was substantial compliance with said DOJ rules as respondent Genabe actually mentioned the name of petitioner
as private complainant. CA also found there was proper service of petition as petitioner was able to file his
comment. In addition, in Guy vs. Asia United Bank, a motion for reconsideration from the resolution of the
secretary of justice filed four (4) days beyond the non-extendible period of 10 days under Sec. 13, NPS Rules on
Appeal in instances where he finds absence of prima facie evidence is not time-barred but subject to the approval
of the court.

(2) Yes, both Agbayani and Genabe are residents of Las Pinas City and both work there. Pursuant to Sec. 408
and 409 of RA 7160 the case is subject to barangay conciliation before filing of court complaint unless it falls
under the exception stated in Sec. 412, RA 7160.

(3) Yes, in Villanueva vs. People, oral defamation or slander is the speaking of base and defamatory words which
tend to prejudice another in his reputation, office, trade, business or means of livelihood. It is grave when it is of a
serious or insulting nature. The gravity depends upon (1) expressions used, (2) personal relations of the parties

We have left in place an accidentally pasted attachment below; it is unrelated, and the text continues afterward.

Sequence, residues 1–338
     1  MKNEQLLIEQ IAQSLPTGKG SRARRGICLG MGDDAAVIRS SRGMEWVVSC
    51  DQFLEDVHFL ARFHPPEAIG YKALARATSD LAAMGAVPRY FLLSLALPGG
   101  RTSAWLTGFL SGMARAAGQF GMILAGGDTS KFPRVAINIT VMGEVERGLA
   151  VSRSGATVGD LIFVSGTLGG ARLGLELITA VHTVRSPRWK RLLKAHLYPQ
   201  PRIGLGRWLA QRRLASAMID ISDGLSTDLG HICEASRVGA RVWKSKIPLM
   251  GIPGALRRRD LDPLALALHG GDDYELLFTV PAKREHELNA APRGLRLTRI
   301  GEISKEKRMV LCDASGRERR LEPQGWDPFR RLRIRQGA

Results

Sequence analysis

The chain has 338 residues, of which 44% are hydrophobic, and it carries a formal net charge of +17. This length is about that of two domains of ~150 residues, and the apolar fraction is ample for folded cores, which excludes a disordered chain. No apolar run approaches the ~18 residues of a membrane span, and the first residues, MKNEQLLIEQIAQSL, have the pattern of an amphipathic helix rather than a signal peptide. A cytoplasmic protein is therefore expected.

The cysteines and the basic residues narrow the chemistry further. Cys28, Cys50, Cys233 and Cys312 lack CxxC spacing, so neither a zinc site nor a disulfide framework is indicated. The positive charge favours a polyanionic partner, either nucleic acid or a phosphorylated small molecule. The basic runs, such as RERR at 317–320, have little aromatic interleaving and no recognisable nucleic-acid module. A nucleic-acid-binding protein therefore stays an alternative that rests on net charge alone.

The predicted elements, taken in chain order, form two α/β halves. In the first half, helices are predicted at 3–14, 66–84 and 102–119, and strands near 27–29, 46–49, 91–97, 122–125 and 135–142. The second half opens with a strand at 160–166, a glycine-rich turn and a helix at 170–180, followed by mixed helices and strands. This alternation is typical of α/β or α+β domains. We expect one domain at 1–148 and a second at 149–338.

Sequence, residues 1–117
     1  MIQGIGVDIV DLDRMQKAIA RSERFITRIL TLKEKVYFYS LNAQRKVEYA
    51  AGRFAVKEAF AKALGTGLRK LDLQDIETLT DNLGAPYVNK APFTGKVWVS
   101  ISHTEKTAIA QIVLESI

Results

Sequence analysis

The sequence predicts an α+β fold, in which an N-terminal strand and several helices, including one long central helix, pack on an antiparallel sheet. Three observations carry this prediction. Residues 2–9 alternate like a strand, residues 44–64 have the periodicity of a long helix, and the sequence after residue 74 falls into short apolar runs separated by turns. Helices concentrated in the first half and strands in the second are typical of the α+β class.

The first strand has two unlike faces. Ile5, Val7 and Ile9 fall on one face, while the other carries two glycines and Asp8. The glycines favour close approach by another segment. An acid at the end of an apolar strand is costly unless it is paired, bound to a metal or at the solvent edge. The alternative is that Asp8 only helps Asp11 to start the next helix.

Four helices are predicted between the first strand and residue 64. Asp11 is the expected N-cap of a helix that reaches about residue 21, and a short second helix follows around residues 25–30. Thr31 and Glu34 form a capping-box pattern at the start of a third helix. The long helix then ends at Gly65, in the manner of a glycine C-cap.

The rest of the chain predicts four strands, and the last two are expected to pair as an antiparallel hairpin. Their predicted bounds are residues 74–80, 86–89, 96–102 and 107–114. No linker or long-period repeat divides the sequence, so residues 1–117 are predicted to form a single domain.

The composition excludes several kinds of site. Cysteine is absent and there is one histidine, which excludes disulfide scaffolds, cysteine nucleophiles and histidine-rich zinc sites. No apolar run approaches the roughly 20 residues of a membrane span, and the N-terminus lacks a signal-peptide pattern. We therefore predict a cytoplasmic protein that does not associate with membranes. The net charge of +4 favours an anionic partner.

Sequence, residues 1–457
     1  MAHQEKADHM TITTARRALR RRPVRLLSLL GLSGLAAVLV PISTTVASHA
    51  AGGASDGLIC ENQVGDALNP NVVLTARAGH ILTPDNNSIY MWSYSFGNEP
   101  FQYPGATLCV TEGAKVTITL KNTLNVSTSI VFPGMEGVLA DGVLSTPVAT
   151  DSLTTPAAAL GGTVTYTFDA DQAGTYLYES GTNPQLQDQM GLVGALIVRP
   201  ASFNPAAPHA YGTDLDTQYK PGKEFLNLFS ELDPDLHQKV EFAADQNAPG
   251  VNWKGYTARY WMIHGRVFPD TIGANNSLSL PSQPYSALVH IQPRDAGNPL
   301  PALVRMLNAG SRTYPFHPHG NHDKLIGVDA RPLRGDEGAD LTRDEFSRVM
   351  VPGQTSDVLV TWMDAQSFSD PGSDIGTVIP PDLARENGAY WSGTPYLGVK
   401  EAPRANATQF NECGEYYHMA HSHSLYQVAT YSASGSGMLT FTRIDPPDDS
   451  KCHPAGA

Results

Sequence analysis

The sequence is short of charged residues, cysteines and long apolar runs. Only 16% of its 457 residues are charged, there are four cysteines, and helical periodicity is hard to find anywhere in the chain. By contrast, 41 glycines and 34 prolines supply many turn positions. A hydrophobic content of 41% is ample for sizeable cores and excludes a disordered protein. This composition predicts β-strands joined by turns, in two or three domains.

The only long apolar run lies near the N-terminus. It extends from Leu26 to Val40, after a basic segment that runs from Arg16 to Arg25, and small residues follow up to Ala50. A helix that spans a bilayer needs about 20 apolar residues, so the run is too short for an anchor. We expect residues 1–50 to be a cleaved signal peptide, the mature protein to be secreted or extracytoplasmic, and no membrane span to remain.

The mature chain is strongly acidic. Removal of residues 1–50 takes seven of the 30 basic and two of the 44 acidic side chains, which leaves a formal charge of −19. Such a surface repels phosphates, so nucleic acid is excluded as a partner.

involved, (3) special circumstances of the case, the antecedents or relationships between the offended party and
the offender, which may prove the intention of the offender at the time.

In case at bar, Genabe was about to punch her time card on 12/27/2006 when she was informed she had been
suspended for failing to meet her deadline in a case, which was done by Agbayani to the presiding judge. This
event precipitated the words uttered by Genabe, hence being under heat of anger and obfuscation, clearly a
slight oral defamation only.

Petition denied, CA decision affirmed.
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Teresita Montoya vs. Escayo et al.
G.R. No. 82211-12, March 21, 1989

FACTS: Escayo et al. were former salesgirls in petitioners store in Bacolod City. On different dates they filed complaints
separately for collection of sums of money against petitioner for overtime pay, holiday pay, 13
th
month pay,
ECOLA, and service leave pay among others.

Petitioner filed for dismissal of complaints for failure to comply with the Katarungang Pambarangay law as stated
in PD 1508. Labor Arbiter ruled in favour of petitioner, this was reversed by the NLRC which directed the Labor
Arbiterto proceed with the case.


ISSUE: Are labor disputes under PD 1508 covered by the Lupong Tagapamayapa before such cases can be filed with the
court or any government offices?

RULING: No, Sec. 6, PD 1508 applies only to courts of justice and not to labor relations commissioners or labor arbiters
office. In addition, Art. 226, PD 442 grants original and exclusive jurisdiction over the conciliation and mediation of
disputes, grievances, or problems in the regional offices of the DOLE. It is the said Bureau and its divisions, and
not the barangay Lupong Tagapamayapa, which are vested by law with original and exclusive authority to
conduct conciliation and mediation proceedings on labor controversies before their endorsement to the
appropriate labor arbiter for adjudication.

Petition dismissed.